Statistics and Research Design: Conceptual
This course met the Research program component of the IT curriculum. I thought the instructor, Sky Huck, did a great job of introducing the course in a way that made it meaningful no matter what your intentions for it. Some of the students were going on to do doctoral work, and would need the training in how statistics are used in performing research, while other students would not be doing a thesis or dissertation, and would focus instead on how to critically read research findings.
Without getting too far afield into specifics (null and alternative hypotheses, rigor, internal/external validity, error types, etc), I’ll simply say that I learned a world of useful information in this course. Specifically, I learned how to interpret data: rather than lean on the researchers’ published conclusions in determining whether or not the data support a hypothesis, I can now look at the methodology itself to see whether or not the findings support the statement. I learned what to look out for – single versus two-tailed hypotheses, sample size, etc. With a knowledge of how inferential statistics work, it’s a lot easier to critically examine a study, and ask “well why was this omitted,” or “why are you using a lower confidence interval here, when a higher one would have caused you to fail to reject your null hypothesis, and then using a higher interval later when the data more strongly support your hypothesis?” In short, Sky’s class did a great job of being a survey course in statistics. Participants in the course were well on their way to being able to stand on their own two feet when it came to interpreting publications referencing information gained from inferential statistics.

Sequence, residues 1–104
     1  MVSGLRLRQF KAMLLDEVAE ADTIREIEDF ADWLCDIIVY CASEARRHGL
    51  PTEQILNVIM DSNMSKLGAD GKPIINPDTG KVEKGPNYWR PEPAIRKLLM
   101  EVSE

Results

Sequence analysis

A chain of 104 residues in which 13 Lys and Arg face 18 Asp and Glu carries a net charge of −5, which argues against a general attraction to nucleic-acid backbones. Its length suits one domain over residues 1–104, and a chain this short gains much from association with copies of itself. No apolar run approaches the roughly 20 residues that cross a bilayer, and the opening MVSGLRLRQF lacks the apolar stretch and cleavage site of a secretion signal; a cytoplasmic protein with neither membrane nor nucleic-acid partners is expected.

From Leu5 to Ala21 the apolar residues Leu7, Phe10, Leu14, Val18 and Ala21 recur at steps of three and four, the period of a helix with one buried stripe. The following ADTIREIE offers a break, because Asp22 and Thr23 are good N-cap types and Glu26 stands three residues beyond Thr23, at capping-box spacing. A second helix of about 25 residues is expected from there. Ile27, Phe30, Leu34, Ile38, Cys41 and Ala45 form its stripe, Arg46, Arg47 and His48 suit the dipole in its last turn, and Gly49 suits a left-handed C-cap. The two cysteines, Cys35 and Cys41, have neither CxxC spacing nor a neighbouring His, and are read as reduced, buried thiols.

There weren’t any papers to write in this class. We completed several projects, and took quizzes and exams. Here are the rules describing one of those projects, as well as a reporting form used to report the results of the exercise, to give you an idea of what sort of work we were doing.